Monday, November 17, 2008

Quantum of Solace/ The Day the Earth Stood Still


So, the new movie. As I saw it, it was a pretty good action flick. Chase sequences, fights, things going boom! A couple of girls. The tuxedo and martinis and Walther PPK all, but, well ...

Instead, however, of Daniel Craig saying, "Bond. James Bond." he might ought to say "Bourne. Jason Bourne ..."

Yeah, you have to see it if you are Bond fan, but my feeling was that the heart of the plot was left on the cutting room floor. There's no there there.

The movie picks up immediately after the end of Casino Royale, mere minutes after, and concerns for the most part Bond's desire to achieve revenge upon those people who offed his girlfriend Vesper.

There is a nefarious plot, a secret organization, and a villain, none of which are particularly compelling, nor memorable. There is a female agent with a scarred back and a history, and a perky station MI-6 paper-pusher in South America that Bond seduces and sleeps with -- something that occupies maybe twelve PG-seconds onscreen, and, of course, she winds up dead. (In an homage to Goldfinger, by the way, you'll know it when you see it.)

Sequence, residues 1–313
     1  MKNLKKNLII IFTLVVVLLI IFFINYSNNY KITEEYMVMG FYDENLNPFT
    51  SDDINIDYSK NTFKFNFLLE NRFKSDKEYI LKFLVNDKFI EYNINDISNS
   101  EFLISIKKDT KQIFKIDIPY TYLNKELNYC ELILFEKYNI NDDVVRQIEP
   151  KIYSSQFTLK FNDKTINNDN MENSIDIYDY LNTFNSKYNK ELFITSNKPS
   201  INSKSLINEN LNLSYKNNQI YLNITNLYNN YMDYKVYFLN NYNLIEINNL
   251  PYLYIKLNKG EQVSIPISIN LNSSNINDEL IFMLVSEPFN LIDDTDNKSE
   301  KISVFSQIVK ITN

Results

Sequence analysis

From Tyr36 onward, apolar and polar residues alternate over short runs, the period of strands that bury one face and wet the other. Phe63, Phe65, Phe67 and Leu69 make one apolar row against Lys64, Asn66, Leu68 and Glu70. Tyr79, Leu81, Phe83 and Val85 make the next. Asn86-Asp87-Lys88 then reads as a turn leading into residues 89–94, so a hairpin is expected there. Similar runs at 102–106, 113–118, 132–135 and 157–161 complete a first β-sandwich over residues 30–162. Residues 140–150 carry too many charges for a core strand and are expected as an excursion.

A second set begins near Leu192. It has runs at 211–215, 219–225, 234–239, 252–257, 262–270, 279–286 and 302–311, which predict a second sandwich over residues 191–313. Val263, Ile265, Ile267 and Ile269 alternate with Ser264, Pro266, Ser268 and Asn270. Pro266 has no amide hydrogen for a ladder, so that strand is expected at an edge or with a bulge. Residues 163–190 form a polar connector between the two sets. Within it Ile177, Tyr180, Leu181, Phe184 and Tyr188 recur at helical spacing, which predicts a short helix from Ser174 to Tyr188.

It all moves right along. Dame Judy Dench as M steals every scene she is in. Craig is a good actor and he does his part, but it doesn't feel like a Bond film. His one toy is a phone-cam. There are some neat computers at MI-6. Yawn.

At the opening of most of the Bond movies, there is usually a pre-credit sequence involving some spectacular action, at the end of which, you get The Sting. The Bond theme, with horns, that lets you know where you are for sure. Not this time. Bond's Astin Martin gets mangled and cars fly off cliffs and smash into heavy machinery and all, but where is The Sting?

Not there. They play something after the boat sequence, but I dunno what it was supposed to be.